“I can’t imagine giving up gluten” – Facebook comment
It’s more than a week into my trial separation from gluten. Rather than immediately stocking up on gluten-free substitutes, I doubled if not tripled my consumption of fruit and vegetables. My head is clearer, I feel lighter, I sleep better and, unexpectedly, my waistline is trimmer. While I’m marveling at the nearly immediate results of this dietary shift, I’m also left with a lingering and somewhat sobering question.
Why didn’t I give up gluten sooner? Or, what stood between me and better health?
In Feldenkrais terms, the “self-image” that dominated if not dictated my experience for years was more heavily invested in its own survival than in my well-being. That self-image or identity, which in this case I’d also call ego (although the two are not always equivalent), believed that giving up gluten was a kind of punishment or simply one more way in which I wouldn’t fit into a culture that is practically constructed of gluten molecules. Furthermore, I was so averse to both bidding adieu to croissants and to participating in what I considered (celiacs aside) a food fad, that I wasn’t open to considering eliminating gluten even on a trial, non-committal basis. Not so long ago, I also would have said, “I can’t imagine giving up gluten,” like the commenter on Facebook. Forgoing gluten would have seemed impossible.
But, I have given it up.
Since I feel so much better, I have no desire to restore it to my diet. Clearly the “I” of today is not the same as the “I” of just a few years ago, even though, aside from a few extra gray hairs, and that slightly trimmer midriff, I look essentially the same. The former “I”, looking to food for comfort and also a bit of a traditionalist, didn’t want to sever ties to repasts of the past and felt threatened by that possibility, as if it were a kind of death. And that former “I” was unwilling to consider that her diet, though quite healthy by most standards, could still be more nourishing.
When I first moved to Boulder, that traditional “I” still dominated, making it difficult for me to finally wean myself from sugar and the myriad products containing it, even though it was in my best interest. That same “I” also rejected smoothies; it didn’t like the idea of pulverizing otherwise gorgeous fruits and vegetables into an indistinguishable, liquefied mass of dubious texture. Weren’t pears, apples, carrots, melons, kale and beets meant to be admired, carefully prepared to bring out their flavors, or savored individually? That “I” dismissed smoothies as just another regrettable American trend that prioritized speed and efficiency over aesthetics and appreciation. In clinging to particular ideas of how food “should” be prepared and consumed, along with other related beliefs, that previous “I” likely contributed to subtle tensions in my body. Unraveling some of those holding patterns through Feldenkrais Awareness Through Movement lessons is helping to create a more supple self-image, one that can more easily respond to, if not embrace, change.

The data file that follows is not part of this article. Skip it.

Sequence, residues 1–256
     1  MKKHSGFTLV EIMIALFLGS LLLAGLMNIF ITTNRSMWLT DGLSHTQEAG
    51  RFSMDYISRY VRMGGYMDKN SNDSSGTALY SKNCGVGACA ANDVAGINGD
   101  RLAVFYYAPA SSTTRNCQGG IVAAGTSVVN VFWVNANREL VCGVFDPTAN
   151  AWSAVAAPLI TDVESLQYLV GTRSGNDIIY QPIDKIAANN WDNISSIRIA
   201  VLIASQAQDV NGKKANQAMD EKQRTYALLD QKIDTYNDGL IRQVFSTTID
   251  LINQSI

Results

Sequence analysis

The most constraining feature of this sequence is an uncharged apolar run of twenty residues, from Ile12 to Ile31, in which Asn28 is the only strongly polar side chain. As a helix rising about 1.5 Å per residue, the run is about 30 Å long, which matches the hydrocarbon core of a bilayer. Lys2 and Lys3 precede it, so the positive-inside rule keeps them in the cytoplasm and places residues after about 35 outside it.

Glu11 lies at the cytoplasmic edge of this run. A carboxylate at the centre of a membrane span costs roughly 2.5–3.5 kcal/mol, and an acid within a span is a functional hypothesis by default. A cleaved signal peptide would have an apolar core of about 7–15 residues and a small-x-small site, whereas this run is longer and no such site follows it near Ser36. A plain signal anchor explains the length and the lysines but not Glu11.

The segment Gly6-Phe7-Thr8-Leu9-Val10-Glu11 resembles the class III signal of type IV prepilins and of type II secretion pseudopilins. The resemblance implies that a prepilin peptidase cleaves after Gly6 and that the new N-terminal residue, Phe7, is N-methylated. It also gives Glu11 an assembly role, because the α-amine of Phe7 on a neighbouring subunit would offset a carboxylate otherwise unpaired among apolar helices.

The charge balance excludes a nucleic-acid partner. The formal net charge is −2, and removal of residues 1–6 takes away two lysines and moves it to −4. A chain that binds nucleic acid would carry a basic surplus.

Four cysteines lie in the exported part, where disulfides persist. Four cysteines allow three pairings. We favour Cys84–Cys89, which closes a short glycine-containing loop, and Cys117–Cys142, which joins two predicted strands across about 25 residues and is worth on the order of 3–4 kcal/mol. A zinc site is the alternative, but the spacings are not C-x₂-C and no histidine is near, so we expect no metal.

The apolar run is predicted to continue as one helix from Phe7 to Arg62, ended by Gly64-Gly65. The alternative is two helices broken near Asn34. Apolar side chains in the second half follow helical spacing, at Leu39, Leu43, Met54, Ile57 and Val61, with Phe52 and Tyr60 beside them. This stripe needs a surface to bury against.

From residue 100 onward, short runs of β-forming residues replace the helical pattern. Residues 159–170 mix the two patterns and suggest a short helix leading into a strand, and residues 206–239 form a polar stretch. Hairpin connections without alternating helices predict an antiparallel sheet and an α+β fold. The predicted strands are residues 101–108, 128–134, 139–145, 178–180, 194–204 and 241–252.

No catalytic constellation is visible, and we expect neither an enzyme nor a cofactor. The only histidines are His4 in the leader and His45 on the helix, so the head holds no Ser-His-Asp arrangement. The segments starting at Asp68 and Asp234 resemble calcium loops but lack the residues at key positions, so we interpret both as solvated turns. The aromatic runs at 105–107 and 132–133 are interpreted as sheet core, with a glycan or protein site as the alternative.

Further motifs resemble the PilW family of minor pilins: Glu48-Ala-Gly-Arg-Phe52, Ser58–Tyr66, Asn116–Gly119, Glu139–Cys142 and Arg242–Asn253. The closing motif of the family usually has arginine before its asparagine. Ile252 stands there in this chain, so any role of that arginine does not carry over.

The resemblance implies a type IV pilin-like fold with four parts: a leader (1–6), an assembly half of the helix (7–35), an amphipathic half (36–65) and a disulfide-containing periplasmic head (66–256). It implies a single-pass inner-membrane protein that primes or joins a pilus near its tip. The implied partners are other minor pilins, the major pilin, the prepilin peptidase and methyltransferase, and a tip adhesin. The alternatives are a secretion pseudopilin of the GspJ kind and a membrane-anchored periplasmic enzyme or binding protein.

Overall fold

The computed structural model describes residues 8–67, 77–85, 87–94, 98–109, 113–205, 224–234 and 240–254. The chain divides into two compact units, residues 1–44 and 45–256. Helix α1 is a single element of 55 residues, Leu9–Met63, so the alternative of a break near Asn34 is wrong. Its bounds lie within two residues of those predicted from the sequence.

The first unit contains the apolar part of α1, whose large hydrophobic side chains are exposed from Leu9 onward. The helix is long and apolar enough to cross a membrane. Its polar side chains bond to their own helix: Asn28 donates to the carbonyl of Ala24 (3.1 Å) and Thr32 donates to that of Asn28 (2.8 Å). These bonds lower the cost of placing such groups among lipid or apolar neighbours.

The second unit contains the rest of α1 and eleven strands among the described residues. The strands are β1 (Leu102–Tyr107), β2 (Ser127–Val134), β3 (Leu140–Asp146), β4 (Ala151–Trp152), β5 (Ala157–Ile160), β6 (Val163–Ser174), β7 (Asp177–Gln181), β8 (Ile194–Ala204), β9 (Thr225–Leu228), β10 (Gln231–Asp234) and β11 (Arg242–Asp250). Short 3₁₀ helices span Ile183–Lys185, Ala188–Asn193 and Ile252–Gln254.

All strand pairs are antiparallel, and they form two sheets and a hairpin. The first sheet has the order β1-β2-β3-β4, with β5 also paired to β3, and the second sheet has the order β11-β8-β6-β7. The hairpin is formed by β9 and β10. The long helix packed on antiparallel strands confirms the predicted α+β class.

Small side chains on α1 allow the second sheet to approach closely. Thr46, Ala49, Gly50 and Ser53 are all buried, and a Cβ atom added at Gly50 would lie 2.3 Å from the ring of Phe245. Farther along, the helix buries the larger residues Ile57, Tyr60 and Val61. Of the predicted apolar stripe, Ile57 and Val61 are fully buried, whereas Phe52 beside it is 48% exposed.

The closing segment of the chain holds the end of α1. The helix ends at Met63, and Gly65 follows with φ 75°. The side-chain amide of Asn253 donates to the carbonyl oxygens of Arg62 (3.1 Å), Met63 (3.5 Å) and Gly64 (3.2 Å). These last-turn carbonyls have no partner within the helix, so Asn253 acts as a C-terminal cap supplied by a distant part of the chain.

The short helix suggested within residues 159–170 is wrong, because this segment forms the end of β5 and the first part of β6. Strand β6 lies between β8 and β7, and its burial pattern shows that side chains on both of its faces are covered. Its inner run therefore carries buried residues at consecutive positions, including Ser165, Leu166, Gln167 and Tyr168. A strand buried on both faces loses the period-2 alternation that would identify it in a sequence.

For the last fortnight, the current “I” has added “morning mixology” to the routine, making a smoothie as part of breakfast. Faced with the challenge of doubling my vegetable and fruit consumption, I’m now aware of how smoothies make it possible to consume several servings of produce early in the day without much fuss. For other meals, I can prepare vegetables more traditionally and enjoy the subtler sensations that arise when cooking and chewing.
In the Feldenkrais Method, we talk about bringing our whole self to our movements, not just isolated parts. In bringing my whole self to mixology, I’m experimenting with ingredients that produce different colors and textures, like an artist mixing paint. For me, this playful process is more fun and fulfilling than either following a foolproof recipe (the outcome of another person’s play), approaching it from a purely nutritional angle and carefully measuring this and that, or trying to achieve a certain taste and feeling disappointed if I can’t.
On Facebook, I created an album called “50(?) Shades of Smoothie”, to inspire me to choose varied ingredients to arrive at as many colors as possible. So far, I’ve posted four photographs with distinct hues. A friend asked if my concoctions taste good. I responded that I would not pay money at a cafe for my creations. Yet, some combinations are better than others, and all would benefit from a more powerful blender that left fewer chunks and lumps. I expect that, over time, as I bring more awareness to what I’m doing, including choice of ingredients, I’ll gradually learn how to improve the outcome while still enjoying the process of discovery. Meanwhile, the greater sense of well-being I’m experiencing makes up for the occasional “meh” smoothie. Drinking them, I can’t help but chuckle that Feldenkrais really does make the impossible possible.